but its low wages are helping increase the number of Americans in poverty."
Mr. Scott argues that retailers, with narrow profit margins, face a different
competitive situation and cannot afford to be as generous to their workers as
automakers and other capital-intensive companies.
"Some well-meaning critics," he said, "believe that Wal-Mart,
because of our size, should play the role that General Motors played after World
War II, and that is to establish the post-world-war middle class that the country
is so proud of. The facts are that retailing doesn't perform that role in the
economy as G.M. does or did. Retailing doesn't perform that role in any country
in the world."
Many of those assailing Wal-Mart argue that the company can, and should, pay
its workers at least $2 more an hour and add $1 or $2 an hour beyond that to
improve its health benefits. A Harvard Business School study found that Wal-Mart
paid $3,500 a year for each employee for health care, while the typical American
corporation paid $5,600.
If Wal-Mart spent $3.50 an hour more for wages and benefits of its full-time
employees, that would cost the company about $6.5 billion a year. At less than
3 percent of its sales in the United States, critics say, Wal-Mart could absorb
these costs by slightly raising its prices or accepting somewhat lower profits.
But company executives dismiss such proposals, saying they would largely wipe
out Wal-Mart's profit or its price advantage over competitors. Wal-Mart had
a profit margin on sales last year around 3.5 percent. If "we raised prices
substantially to fund above-market wages, as some critics urge," the company
argued in a recent two-page ad in The New York Review of Books, "we'd betray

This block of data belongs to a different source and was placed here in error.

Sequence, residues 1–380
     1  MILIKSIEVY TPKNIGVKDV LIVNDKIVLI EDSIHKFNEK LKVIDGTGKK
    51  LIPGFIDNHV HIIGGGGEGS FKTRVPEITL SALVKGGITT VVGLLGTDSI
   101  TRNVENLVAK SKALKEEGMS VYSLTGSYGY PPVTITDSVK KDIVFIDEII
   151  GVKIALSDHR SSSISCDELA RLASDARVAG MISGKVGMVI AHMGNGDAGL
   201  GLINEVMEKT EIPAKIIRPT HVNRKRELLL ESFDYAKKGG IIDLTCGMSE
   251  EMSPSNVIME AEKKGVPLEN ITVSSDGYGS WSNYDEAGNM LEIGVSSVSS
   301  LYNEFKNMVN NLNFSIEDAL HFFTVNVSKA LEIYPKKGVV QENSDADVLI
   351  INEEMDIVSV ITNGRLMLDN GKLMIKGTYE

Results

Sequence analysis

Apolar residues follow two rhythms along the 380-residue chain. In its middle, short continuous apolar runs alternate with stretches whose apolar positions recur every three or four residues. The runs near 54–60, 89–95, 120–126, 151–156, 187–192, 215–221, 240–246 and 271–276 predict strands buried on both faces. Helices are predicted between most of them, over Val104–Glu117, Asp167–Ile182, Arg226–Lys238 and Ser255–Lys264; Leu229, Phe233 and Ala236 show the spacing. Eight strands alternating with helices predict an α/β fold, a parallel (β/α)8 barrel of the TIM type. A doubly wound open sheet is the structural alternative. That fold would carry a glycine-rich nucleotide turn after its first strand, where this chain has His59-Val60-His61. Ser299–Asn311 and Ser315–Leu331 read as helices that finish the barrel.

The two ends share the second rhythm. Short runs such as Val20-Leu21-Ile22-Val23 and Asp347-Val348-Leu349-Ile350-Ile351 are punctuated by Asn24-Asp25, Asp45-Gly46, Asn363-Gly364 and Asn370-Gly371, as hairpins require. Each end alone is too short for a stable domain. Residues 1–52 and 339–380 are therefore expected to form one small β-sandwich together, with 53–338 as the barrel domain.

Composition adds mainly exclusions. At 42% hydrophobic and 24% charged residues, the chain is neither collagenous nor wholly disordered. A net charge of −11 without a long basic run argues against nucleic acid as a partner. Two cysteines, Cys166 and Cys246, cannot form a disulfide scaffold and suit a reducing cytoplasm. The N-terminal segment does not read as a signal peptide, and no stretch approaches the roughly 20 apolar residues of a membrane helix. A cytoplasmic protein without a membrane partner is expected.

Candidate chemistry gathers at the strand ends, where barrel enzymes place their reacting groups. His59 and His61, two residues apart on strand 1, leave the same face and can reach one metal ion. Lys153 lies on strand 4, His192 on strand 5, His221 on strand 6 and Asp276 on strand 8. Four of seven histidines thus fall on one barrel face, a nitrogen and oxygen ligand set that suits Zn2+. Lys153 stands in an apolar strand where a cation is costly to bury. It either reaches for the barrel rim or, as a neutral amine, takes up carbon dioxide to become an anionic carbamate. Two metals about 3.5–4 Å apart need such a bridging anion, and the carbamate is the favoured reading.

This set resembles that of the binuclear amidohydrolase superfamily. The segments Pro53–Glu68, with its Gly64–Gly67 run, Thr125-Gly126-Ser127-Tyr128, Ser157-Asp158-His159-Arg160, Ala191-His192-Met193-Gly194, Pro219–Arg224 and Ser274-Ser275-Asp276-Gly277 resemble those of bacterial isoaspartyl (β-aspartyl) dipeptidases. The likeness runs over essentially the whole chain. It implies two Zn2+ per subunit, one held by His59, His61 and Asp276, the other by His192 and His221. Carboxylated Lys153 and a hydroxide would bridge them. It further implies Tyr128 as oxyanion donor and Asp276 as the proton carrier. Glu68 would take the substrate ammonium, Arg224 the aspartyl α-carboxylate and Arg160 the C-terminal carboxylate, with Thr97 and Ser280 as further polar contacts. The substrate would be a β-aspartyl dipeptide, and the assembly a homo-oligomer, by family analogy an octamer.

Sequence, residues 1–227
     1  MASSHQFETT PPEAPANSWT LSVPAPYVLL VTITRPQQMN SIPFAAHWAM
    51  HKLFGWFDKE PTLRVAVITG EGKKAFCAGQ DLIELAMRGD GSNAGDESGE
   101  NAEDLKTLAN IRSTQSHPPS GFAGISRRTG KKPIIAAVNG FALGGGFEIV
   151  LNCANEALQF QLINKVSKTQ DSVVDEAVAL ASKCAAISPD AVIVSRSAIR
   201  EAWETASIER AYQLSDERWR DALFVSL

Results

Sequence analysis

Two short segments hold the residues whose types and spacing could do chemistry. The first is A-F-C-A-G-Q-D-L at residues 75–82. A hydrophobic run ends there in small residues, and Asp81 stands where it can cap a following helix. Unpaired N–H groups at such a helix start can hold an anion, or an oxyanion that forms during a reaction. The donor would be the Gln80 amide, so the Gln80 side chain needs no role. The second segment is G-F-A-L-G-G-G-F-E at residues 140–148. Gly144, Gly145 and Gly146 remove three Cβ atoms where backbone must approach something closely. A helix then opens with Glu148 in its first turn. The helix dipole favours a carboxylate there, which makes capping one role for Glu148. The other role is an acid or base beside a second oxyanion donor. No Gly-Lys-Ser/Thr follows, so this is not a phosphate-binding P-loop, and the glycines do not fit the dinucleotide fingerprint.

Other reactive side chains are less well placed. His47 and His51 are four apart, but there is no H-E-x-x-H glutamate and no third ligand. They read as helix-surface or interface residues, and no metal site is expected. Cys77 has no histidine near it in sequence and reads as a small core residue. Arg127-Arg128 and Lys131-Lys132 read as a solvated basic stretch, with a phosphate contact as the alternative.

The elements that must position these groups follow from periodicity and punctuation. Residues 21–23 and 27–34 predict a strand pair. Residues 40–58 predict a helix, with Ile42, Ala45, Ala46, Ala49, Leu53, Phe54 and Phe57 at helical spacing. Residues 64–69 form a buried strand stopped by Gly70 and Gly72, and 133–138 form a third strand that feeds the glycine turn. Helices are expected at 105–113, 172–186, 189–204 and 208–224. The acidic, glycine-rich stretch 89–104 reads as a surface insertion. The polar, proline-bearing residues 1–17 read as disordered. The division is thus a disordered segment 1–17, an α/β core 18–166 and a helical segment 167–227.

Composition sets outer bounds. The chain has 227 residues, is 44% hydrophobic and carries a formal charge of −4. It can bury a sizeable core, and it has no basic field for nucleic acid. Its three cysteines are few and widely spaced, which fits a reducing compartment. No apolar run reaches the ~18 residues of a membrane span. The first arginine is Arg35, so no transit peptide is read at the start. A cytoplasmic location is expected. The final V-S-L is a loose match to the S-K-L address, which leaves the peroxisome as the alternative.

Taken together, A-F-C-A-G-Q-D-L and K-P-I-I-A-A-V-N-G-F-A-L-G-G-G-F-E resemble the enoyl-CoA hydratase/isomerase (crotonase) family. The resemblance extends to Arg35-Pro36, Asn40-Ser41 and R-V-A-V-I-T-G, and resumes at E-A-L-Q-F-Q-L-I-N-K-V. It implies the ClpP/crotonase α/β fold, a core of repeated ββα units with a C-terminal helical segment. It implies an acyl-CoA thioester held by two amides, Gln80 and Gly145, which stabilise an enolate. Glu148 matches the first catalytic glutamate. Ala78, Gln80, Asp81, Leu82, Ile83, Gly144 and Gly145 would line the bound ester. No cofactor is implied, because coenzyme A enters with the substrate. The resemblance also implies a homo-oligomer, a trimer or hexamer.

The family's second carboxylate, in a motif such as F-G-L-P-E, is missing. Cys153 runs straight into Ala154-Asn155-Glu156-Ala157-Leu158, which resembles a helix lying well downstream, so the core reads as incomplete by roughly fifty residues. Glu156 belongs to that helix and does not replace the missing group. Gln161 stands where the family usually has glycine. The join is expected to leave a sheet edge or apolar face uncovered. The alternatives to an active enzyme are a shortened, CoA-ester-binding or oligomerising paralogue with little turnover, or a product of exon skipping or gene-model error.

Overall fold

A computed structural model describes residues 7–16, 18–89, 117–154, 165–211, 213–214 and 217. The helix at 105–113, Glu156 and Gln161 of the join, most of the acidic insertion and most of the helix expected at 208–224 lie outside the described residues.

our commitment to tens of millions of customers, many of whom struggle to make
Here in Bentonville, Mr. Scott pursued that theme. "If you're telling
me because you're Wal-Mart and you're going to pay $12 an hour and this other
retailer is going to pay $5.15 an hour, the federal minimum wage, and they're
not going to provide any benefits at all and somehow the consumer is rewarded
in all this, all you're doing is perpetuating the status quo," he said.
"You're driving inefficiencies into the system. It doesn't make any sense."
Wal-Mart argues that, as retailing companies go, it treats its workers better
than average. It says 74 percent of its employees work full time, compared with
fewer than 40 percent at many other retailers. But critics note that a leading
competitor, Costco, pays $16 an hour - 65 percent more than the average wage
at Wal-Mart stores and 33 percent more than the $12 average at its Sam's Club
stores. At Costco, 82 percent of the workers are covered by company health insurance,
compared with 48 percent at Wal-Mart.
George Whalin, president of Retail Management Consultants in San Marcos, Calif.,
said that Wal-Mart should ignore the attacks. "Retail has always paid poorly
and it probably always will," he said. "Wal-Mart has a responsibility
to serve their customers - to give them a good product - and to their shareholders.
They don't have a responsibility to society to pay a higher wage than the law
says you have to pay."
But Burt Flickinger, another retailing consultant, said it would be in Wal-Mart's
long-run interest to pay better. "Wal-Mart's turnover will be close to
half a million workers this year," he said. "By paying higher wages,
Wal-Mart will make its employees happier and will reduce turnover. A lot of
its new workers, for instance, don't know where to stock things. Higher wages
will mean more productivity per person, and that should help raise profits."
The debate is far from over. LaTasha Barker, a single mother who worked for
two years as a cashier at a Sam's Club in Cicero, Ill., said she earned so little
that she could not afford the $1,860 a year for family health insurance.
"They don't pay a living wage," said Ms. Barker, who quit her $8.40-an-hour
job in 2004 to take a $15-an-hour social work job. While at Sam's, she said,
she qualified for Medicaid and $139 a month in food stamps.
By contrast, Jamie Schifferer, manager of the health and beauty aids department
at a Wal-Mart in Algonquin, Ill., said Wal-Mart was a terrific employer. She
quit her $25,000-a-year post running a Cingular wireless shop to go to Wal-Mart.
After 20 months, she earns $12.50 an hour - close to her previous pay - but
now works 40 hours a week rather than the 60 hours at Cingular.
"I was very miserable," she said. "As soon as I heard about
this store opening, I jumped. It's perfect for me right now."